Remember, your bike has gears and the gears are there to serve you. Trying to spin a big gear too early is not using the gears to your advantage. Start in an easy gear, spin up to 80 rpm or more, if you're bouncing in the saddle, shift to a bigger gear while maintaining 80 rpm. Get your legs warmed up, then you can try to push a big gear.
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Old 07-01-14, 05:08 PM   #4
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I thought warming up on the bike was stretching?

congrats on your weight loss!
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Old 07-01-14, 08:20 PM   #5
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Ditto on no static stretching before riding. I run at 6:30am and do dynamic stretching then roll into my tempo run slowly. Zero injuries. I'm not up to full cadence for 10 minutes or so, maybe longer.

Look at some of the dynamic stretching videos on youtube, pick some exercises that make sense to you. You'll get off to a better, safer start.
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Old 07-01-14, 09:14 PM   #6
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+1 on the static stretching. It has actually been shown to provide no benefit when done prior to exercise. Dynamic stretching is another matter and can be beneficial when done right.

Hitting 80rpm straight away is no problem. As others have pointed at, you should warm up first before you go hard. Spinning at 80rpm is fine, and you can continue at 80rpm once you're warmed up, just in a harder gear with more effort. It takes me around 10min to properly warm up to go hard in winter, which we're in now down south. In summer, I can get away with 5min or so, but still 10min is better. I notice the warmup much more when on rollers, where the first 5min or so is a real chore and you feel like just getting off and doing something else. After that, things just get easier.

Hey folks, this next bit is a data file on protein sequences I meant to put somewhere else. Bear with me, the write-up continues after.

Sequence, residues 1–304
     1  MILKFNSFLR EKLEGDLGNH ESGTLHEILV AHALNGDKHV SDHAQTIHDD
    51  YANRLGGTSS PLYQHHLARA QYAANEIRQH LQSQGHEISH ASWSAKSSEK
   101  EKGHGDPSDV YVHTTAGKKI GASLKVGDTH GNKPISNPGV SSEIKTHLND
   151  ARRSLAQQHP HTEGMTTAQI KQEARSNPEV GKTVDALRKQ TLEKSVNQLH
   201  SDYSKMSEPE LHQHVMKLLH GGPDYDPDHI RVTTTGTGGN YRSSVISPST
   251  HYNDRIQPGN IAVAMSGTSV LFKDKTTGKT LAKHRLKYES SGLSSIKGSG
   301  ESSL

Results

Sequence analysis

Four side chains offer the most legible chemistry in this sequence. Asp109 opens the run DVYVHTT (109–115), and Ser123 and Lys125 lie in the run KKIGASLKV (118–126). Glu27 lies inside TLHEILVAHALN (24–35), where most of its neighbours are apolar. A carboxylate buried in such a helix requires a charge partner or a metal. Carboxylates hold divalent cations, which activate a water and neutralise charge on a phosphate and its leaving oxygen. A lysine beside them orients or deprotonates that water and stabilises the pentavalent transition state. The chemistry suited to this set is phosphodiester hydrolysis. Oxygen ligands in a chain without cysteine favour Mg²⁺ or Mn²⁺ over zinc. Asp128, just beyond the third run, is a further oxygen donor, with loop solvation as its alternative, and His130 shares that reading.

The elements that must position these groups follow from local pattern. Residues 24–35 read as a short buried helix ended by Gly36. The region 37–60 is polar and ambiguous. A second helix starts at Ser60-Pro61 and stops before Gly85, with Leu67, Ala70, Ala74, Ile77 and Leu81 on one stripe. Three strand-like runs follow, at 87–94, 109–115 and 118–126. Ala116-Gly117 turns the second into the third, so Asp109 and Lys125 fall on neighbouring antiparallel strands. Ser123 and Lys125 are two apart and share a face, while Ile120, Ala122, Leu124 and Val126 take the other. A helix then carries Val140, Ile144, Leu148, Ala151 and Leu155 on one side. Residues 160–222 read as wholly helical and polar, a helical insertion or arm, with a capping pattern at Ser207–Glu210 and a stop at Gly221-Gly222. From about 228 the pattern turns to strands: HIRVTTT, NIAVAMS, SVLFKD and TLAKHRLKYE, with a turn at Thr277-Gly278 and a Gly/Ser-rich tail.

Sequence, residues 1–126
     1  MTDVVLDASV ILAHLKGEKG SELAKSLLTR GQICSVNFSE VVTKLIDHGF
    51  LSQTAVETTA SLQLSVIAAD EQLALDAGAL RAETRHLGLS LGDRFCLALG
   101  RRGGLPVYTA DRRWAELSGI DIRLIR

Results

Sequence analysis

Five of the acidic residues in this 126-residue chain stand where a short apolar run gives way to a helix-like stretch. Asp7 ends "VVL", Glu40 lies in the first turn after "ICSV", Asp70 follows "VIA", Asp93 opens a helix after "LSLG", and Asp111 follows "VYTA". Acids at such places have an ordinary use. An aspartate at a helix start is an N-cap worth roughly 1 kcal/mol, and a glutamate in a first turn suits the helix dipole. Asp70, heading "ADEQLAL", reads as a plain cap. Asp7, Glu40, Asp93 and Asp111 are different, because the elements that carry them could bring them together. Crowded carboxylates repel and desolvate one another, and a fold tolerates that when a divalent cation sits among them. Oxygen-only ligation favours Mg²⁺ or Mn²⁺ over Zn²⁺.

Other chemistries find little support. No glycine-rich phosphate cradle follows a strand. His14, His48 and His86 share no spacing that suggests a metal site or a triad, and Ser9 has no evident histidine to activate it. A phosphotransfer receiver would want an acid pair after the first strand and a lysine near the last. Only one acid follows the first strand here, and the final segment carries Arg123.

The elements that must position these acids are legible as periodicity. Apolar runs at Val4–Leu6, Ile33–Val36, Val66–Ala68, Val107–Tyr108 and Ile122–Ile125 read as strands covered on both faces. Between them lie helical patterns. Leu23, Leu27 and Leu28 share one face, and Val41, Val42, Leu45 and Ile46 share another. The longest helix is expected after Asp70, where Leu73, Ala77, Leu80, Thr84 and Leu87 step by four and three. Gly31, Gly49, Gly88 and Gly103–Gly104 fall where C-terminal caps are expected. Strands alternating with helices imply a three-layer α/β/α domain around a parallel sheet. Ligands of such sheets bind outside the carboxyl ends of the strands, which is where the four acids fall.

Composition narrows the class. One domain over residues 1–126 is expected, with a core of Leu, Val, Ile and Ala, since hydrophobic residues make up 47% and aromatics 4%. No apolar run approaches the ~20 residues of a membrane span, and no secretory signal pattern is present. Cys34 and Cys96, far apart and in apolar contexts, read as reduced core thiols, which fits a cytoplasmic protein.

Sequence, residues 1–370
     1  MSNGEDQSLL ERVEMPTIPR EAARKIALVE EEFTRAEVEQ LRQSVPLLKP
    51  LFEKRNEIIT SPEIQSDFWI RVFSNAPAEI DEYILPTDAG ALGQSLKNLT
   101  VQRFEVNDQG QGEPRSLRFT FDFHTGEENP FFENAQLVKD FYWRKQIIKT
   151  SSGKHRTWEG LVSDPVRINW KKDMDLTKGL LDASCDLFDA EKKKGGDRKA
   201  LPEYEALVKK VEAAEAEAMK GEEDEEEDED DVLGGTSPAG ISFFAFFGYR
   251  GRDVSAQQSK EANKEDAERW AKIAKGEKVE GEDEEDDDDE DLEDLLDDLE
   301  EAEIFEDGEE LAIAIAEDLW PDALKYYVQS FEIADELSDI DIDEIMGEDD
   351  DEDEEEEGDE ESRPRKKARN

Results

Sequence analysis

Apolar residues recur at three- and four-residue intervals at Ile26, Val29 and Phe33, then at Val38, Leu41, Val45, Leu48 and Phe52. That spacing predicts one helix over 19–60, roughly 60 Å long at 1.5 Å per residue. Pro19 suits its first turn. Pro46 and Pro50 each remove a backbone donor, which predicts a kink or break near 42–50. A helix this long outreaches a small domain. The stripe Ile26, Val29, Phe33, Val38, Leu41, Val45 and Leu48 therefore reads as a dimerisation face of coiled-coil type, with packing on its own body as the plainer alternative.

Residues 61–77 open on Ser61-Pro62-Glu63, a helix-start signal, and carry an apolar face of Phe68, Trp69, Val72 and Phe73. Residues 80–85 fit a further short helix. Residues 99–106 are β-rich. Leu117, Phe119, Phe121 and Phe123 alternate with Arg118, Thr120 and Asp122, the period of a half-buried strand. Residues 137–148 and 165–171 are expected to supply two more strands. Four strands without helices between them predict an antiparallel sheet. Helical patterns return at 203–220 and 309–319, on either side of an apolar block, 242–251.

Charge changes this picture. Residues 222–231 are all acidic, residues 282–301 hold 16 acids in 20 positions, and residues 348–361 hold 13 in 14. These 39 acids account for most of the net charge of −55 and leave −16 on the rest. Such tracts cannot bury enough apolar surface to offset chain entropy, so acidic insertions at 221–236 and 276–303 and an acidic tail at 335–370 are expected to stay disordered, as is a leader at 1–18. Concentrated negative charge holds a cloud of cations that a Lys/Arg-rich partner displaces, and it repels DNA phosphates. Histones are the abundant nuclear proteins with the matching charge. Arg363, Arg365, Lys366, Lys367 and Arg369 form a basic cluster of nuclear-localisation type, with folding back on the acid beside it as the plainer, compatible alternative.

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Old 07-01-14, 09:49 PM   #7
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Congrats on the continued weight loss!
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Old 07-01-14, 09:55 PM   #8
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Yep 88 is great :-).......

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Old 07-02-14, 02:12 AM   #9
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Congrats on the weight loss !!
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Old 07-02-14, 03:11 AM   #10
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+1 on no static stretching and not pushing too hard to start. Additionally, a lot of us don't feel warmed up until we are out for 3 or 4 miles at least, so ou are tracking a common experience. I listen to what my HR and breathing is telling me during that warm up period especially. Spinning at 80 RPM is a good cadence - you shouldn't feel like you have to push hard on the pedals. Spinning up to 90, having to push a little, after a warm up is even better.